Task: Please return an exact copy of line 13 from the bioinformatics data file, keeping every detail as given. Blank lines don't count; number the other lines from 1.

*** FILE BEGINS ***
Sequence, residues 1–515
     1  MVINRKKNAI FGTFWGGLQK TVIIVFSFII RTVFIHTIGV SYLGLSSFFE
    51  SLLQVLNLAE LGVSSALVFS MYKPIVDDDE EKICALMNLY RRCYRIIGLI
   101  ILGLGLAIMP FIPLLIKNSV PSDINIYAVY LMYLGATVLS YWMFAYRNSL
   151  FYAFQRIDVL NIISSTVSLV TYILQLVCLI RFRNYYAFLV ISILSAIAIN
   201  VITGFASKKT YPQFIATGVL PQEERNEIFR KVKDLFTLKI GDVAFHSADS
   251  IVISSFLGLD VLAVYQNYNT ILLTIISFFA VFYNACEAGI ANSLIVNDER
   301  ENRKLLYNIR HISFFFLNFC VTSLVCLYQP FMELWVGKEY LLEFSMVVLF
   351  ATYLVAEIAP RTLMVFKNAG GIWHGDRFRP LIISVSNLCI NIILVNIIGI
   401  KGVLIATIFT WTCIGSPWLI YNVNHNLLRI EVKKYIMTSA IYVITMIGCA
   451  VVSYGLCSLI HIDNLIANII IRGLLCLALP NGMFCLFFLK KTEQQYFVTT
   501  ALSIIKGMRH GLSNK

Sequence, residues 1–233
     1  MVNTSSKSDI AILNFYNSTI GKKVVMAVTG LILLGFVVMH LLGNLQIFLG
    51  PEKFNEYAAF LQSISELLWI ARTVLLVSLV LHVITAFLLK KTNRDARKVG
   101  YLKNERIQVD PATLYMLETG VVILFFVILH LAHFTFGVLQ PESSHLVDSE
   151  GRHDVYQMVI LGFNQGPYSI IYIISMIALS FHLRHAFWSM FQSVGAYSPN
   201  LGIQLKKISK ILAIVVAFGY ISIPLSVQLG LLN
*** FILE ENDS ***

Sequence, residues 1–233